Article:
You’ve bought a lead. You’ve stocked up on poo bags. You and your puppy are ready to go. Exercise is an important part of your energetic puppy’s routine, but too much can increase their chances of suffering from issues like joint pain later in life. So what’s the right amount? Head Vet Sean is here with his top tips.
Finding the right balance
Puppies are naturally energetic. But growing takes lots of energy too, so it’s important your puppy doesn’t use up all their va-va-voom in the park. A good rule of thumb for puppy owners in terms of how much exercise the dog should get (especially those under 14 weeks) is 1 minute of active exercise per week of life up to three times a day. So at 8 weeks, 8 minutes of exercise, three times throughout the day. A 3 month old (12 weeks) would have 12 minutes at a time, three times over the day and so on.
To strike the right balance, watch your puppy’s behaviour. When they start to look tired, it’s time to rest.
Read more: Mental & physical exercise for your dog
What kind of exercise is best for my puppy?
Exercise isn’t just about keeping your puppy active; it’s also a chance to socialise with other people and dogs. Getting out and about lets your puppy experience new sights, sounds and smells – all great for their mental development. Just make sure your puppy’s vaccinations are up to date before you start exploring. Vaccination schedules vary, so always ask your vet when it’s OK for you and your puppy to hit the park. It’s likely to be somewhere around the 11-week mark.
How do I avoid over-exercising my puppy?
An active puppy is generally a happy puppy, but over-exercising your dog when they’re young can lead to mobility problems later. Follow these tips and give your puppy the best possible start.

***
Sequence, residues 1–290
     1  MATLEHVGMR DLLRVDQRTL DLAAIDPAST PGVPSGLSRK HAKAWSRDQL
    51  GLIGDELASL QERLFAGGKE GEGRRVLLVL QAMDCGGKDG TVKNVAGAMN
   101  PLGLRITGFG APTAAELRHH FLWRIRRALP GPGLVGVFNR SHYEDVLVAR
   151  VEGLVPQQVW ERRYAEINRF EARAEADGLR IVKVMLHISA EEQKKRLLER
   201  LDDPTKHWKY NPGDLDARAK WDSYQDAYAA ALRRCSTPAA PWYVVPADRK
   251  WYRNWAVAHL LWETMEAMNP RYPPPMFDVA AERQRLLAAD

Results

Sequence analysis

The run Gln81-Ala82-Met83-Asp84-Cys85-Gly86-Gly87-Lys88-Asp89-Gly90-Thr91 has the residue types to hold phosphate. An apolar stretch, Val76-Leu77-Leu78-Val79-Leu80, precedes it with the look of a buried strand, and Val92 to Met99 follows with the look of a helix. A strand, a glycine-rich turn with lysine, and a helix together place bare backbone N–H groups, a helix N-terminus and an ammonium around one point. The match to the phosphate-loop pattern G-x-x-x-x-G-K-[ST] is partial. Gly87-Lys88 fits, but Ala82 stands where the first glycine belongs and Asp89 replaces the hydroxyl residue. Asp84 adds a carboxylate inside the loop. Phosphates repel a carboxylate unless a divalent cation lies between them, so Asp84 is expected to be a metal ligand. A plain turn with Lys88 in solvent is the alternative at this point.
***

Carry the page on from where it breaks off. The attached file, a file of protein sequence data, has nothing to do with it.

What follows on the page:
- Let your puppy set the pace – they’ll show you what they’re comfortable with. Spritely dogs like Springer Spaniels are likely to be much more energetic than laid-back breeds, like Shih Tzus
- Limit high-impact exercise – like long walks, running, jumping, or playing on hard surfaces
- Stop when they’re tired – keep your eyes peeled for signs your puppy’s worn out
- Give big dogs lots of rest – large and giant breeds are more prone to joint issues, so if your dog is a German Shepherd, Great Dane, or similar-sized breed, it’s important to build up activity slowly
- Let them rest after dinner – getting exercise within 30 minutes of eating can cause your puppy to bloat
- Let them nap – puppy looking snoozy? Leave them to it. Sleep lets their body grow, cells repair, and brain develop.
Is my puppy’s food making them hyperactive?
It’s unlikely your puppy’s food is the reason they’re always so full of get-up-and-go. Puppies have lots of mental, as well as physical, energy. If your hyper puppy’s still wired after physical exercise, try adding some extra mental exercise to their day:
- Interactive play – swap fetch for a problem-solving game, like hiding a ball under cups
- Toys – especially challenging ones like Kong toys
- Training – master ‘sit’, ‘stay’ and ‘roll over’ then try some more creative commands
- Adventures – new experiences will get your puppy’s brain working overtime
- Socialising – great for mental stimulation and mastering doggy manners
Get advice on: Socialising your puppy